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Wednesday, 8 December 2004
Page: 15


Senator GREIG (10:22 AM) —I also want to reply briefly to some of the comments the minister made about supply reduction being an important part of dealing with the drug issue. I do not disagree with that but we need to be reasonable, balanced and objective in terms of these arguments because there are also negative impacts of supply reduction. The government argues that it successfully removed a lot of heroin from our streets, and the data suggests that there has been a significant drop in heroin, although Police Commissioner Keelty has said that, in his view, that has more to do with the heroin drought in South-East Asia than the legislative response, but that is open to debate.

One of the things that happens with supply reduction is that the cost of those drugs which are available but which are fewer in number then skyrocket. As a consequence, those people with addictions then resort to more frequent and often more violent crime. There is a strong correlation between drug use, addiction and crime in our society. That opens up the question of whether as a community we need to have serious discussion on the provision of clean, regulated, government-provided heroin to those people who are addicted. That is a program that is practised in some countries to some effect. To some degree, we have had that debate about the heroin injecting rooms which exist in Sydney but which do not provide the drugs to people; they are merely a safe and clean space to use them.

Another thing is that it is wrong for the government to claim that supply reduction immediately leads to people not using drugs. When the government was trumpeting roughly 18 months to two years ago that the data was showing a significant drop in heroin use and heroin deaths, I received a phone call from a rehab centre based, I think, in St Kilda in Melbourne who put it to me that the very same people they were seeing over and again who were heroin addicts were still coming to them, only they had shifted their addiction to methamphetamine. In many ways, that was a more dangerous practice and a more dangerous drug. The quality and quantity of drug was much harder to determine, people were injecting much more unclean drugs and the adverse effects, particularly with anxiety, mental health issues and schizophrenia, were in many ways worse with methamphetamine than heroin. So we were simply seeing a shift in drug use rather than a reduction in drug use. For me, that brings home the point that we Democrats maintain very strongly—that is, we must first and foremost approach this as a health issue rather than a legal and legislative issue, although I accept the minister's argument that it is a three-pronged approach.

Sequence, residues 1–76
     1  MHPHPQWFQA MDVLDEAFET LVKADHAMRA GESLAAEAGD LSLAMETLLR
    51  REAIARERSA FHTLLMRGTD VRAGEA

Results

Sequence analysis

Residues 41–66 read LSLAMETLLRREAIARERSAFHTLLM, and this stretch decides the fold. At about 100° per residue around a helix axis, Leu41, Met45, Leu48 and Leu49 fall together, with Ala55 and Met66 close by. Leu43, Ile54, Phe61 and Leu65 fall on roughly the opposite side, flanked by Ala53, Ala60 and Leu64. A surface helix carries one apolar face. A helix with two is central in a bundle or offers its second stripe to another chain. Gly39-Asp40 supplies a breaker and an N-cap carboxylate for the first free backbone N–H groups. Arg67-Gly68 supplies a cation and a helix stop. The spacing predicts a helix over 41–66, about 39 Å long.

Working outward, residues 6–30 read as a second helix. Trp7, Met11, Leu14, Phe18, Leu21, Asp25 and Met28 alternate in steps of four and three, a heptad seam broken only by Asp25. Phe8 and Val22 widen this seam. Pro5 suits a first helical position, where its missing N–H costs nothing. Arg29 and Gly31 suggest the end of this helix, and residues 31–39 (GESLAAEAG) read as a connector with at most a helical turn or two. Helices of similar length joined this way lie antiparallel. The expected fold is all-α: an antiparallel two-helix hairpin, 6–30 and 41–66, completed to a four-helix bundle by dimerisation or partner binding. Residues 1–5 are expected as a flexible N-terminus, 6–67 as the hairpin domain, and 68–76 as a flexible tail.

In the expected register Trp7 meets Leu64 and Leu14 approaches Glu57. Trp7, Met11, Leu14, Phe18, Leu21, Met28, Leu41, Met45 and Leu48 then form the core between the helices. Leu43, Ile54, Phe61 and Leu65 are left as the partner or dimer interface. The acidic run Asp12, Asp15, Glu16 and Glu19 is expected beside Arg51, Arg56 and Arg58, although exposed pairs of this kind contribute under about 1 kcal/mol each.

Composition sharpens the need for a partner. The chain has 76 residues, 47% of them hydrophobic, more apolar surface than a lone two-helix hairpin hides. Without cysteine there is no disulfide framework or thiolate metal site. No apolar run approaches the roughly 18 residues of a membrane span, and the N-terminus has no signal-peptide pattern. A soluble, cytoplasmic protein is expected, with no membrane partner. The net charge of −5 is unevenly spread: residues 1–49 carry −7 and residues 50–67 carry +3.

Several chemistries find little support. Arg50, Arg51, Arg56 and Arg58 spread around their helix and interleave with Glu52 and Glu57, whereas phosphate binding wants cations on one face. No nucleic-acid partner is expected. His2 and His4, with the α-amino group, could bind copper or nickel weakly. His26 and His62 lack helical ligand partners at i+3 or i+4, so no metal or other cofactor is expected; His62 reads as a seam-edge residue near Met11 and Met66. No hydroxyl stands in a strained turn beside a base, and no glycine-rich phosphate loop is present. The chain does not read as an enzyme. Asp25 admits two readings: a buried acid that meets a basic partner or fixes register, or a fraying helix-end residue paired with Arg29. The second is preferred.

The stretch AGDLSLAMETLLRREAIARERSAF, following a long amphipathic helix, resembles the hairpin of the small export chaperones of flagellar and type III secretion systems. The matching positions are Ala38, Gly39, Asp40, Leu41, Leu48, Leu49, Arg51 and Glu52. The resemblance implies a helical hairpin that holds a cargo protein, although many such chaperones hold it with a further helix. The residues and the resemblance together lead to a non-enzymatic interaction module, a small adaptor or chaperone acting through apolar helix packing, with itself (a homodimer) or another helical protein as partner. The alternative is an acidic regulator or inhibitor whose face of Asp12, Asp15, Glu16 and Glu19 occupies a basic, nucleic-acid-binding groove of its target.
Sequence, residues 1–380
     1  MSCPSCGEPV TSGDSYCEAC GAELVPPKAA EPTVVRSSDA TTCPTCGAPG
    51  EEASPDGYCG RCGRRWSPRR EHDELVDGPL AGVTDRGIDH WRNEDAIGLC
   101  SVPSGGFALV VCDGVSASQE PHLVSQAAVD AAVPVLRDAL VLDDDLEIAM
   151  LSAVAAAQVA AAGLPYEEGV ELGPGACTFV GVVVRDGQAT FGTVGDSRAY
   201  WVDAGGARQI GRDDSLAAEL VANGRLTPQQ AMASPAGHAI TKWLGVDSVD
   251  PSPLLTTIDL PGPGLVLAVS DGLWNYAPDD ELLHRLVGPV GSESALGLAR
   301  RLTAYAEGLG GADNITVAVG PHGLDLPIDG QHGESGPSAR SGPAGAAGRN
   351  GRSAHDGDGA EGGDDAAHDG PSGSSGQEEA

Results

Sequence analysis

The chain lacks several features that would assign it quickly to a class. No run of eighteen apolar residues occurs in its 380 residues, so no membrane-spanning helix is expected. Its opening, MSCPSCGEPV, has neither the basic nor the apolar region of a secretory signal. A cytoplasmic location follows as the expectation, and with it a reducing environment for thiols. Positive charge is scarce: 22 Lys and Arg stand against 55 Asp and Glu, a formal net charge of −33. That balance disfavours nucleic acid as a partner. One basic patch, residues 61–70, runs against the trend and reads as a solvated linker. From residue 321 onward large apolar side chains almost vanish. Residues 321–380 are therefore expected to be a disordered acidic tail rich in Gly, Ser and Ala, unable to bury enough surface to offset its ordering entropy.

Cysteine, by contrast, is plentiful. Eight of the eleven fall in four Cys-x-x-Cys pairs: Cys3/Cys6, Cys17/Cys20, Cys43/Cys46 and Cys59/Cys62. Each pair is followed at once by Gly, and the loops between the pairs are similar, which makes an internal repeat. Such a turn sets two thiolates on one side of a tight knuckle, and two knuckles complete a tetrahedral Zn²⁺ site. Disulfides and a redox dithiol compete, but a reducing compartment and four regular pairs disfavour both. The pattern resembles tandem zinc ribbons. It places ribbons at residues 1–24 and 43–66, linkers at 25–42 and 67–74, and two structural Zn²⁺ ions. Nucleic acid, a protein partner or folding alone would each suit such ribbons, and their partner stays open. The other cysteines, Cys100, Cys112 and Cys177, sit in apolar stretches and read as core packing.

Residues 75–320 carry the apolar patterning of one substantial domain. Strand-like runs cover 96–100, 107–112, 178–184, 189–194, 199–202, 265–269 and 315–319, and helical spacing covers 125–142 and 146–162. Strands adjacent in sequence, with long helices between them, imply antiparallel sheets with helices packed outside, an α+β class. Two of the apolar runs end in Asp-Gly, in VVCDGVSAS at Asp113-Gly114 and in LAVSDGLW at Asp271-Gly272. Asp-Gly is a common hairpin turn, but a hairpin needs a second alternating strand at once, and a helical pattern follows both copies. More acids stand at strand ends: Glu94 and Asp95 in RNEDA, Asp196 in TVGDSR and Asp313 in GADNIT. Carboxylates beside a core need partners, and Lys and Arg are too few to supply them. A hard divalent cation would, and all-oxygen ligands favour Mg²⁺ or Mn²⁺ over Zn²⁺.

Finally and perhaps more importantly, the minister touched briefly on the issue of alcohol. Let us keep all of this debate in context. Alcohol, far and away, is the most permissive, dangerous, costly and violent drug that permeates our society. But in response to that, our state and federal governments continue with relentless programs advising people about sensible drinking and against binge drinking, proper education programs in schools and good adverts on the television alerting people to dangers such as dangerous driving. I commend all that. I do not think any of us would not. But what we Democrats would like to see is the very same approach taken towards methamphetamine and ecstasy use in terms of resources, funding and education.